Simon Property Group (NYSE:SPG) is one of the largest mall landlords in the world, which was a terrible place to be in 2020 when the pandemic hit. But as the end of 2021 approaches, things are starting to look very different. Here's why and what that could mean for the final quarter of the year.

A little ugly history

Although this is something of a well-trodden story at this point, 2020 was ugly for a lot of companies because of the coronavirus pandemic. Simon owns about 200 or so enclosed malls and outlet centers, which put it at the center of the storm. When governments around the world effectively shut their economies down to help slow the spread of COVID-19, traffic and sales at Simon's properties fell off a cliff. In fact, many of its malls were simply closed because they were considered nonessential businesses.

Teens with shopping bags walking on a street.

Image source: Getty Images.

It was not a pretty period, with tenants quickly asking the mall real estate investment trust (REIT) for rent concessions or, worse, simply not paying at all. Simon even had to take some large, financially strong tenants to court to get them to start paying again.

However, that was the exception and not the norm. Although negotiations weren't easy, Simon worked with its tenants to give them the rent leeway they needed in the short term while ensuring that it retained long-term upside potential.

Essentially, Simon traded off basic rent payments for higher percentage-of-sales rent payments. The tenants got the break they needed while the pandemic was raging, and Simon was in line to benefit along with the retailers when customers eventually returned to their stores. This deal hurt Simon in 2020, when it was forced to cut its dividend, but in 2021 things have gotten much better.

A little happy math

The first thing to note is that Simon increased its dividend three times in 2021. Although the dividend isn't back to the level it was before the cut, the company is clearly seeing improvement in its business. Helping that along has been its percent-of-sales rent payments. 

To put a number on that, in the third quarter, average base rent was $53.91 per square foot. That was down from $56.13 in the third quarter of 2020. That seems pretty bad, but those numbers exclude percentage-of-sales rent payments. In the third quarter, these payments would have added another $7 per square foot (or a huge 12.5% increase), Chief Executive Officer David Simon said during the company's third-quarter 2021 earnings conference call.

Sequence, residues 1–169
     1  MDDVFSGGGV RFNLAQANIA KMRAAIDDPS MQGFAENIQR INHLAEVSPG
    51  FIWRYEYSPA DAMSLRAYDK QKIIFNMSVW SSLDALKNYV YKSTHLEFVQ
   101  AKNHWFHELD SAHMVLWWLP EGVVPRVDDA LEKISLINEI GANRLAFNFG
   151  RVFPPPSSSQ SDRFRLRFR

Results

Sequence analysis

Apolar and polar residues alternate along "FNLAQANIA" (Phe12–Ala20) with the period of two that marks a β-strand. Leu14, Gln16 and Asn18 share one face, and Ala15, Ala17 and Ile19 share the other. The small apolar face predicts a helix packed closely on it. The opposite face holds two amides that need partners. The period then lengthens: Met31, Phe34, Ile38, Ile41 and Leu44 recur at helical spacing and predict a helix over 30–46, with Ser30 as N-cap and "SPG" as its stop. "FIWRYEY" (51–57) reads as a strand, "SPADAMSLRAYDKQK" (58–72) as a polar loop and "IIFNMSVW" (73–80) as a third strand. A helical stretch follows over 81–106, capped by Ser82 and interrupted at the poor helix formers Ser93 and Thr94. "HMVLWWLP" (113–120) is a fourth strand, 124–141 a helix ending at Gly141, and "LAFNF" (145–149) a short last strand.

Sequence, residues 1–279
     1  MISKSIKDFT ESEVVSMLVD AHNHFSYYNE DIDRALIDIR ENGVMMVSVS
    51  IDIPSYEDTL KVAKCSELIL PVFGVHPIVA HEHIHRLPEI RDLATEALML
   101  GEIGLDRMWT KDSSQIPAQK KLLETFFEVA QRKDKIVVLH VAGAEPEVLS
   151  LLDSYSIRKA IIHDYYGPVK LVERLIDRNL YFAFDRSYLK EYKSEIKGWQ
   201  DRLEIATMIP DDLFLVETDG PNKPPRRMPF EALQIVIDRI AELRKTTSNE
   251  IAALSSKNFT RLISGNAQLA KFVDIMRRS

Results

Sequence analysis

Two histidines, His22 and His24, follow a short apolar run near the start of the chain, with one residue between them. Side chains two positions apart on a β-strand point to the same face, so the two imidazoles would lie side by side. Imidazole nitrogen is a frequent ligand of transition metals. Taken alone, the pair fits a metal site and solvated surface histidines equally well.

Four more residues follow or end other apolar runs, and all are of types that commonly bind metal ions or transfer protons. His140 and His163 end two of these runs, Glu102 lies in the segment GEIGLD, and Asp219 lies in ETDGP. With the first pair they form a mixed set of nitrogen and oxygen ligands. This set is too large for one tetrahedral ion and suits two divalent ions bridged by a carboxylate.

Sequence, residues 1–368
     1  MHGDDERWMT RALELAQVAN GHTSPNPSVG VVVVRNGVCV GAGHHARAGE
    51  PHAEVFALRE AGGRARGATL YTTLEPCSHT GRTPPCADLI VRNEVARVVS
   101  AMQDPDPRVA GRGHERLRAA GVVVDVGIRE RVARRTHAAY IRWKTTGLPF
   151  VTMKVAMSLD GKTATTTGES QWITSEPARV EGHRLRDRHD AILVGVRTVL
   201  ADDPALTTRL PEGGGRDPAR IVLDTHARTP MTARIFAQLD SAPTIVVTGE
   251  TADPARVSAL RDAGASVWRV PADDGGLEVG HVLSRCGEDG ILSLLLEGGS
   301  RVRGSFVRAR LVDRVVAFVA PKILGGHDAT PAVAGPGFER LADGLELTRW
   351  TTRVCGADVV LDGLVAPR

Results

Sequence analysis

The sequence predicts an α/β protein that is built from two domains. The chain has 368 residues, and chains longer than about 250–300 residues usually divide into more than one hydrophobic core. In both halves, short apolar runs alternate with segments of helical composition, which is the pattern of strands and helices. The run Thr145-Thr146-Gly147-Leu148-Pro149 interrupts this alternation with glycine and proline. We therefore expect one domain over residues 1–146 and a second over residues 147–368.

That would have turned the quarter's $53.91 per square foot into $60.91, which changes the math entirely. To be fair, he didn't note what the percentage-of-sales rent figure was in the third quarter of 2020, but given the retail backdrop, it's fair to assume the number was much, much smaller.

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Now, with the holiday shopping season in full swing, Simon is set to benefit as consumers start shopping again -- this time in person. To be fair, foot traffic may not be as great as it was before the pandemic, especially as yet another coronavirus variant makes headlines. But one thing that has been clear since malls have reopened is that people are coming to shop. Although customer traffic has been recovering more slowly than sales, those who are showing up are buying more.

And as long as consumers are coming to the malls and spending, Simon will benefit right along with its tenants. That means that the fourth quarter, assuming no major pandemic-related disruptions, could be a great one for this mall landlord.

On the mend

Simon's business has clearly turned an important corner, and the deals it made with struggling tenants are helping fuel an impressive rebound. Investors have taken note, and the stock's gain of more than 80% this year dwarfs the S&P 500's 23% rise. But the positives aren't over yet. Indeed, look for this giant mall REIT to post another quarter of strong results as it closes out 2021. 

This article represents the opinion of the writer, who may disagree with the “official” recommendation position of a Motley Fool premium advisory service. We’re motley! Questioning an investing thesis -- even one of our own -- helps us all think critically about investing and make decisions that help us become smarter, happier, and richer.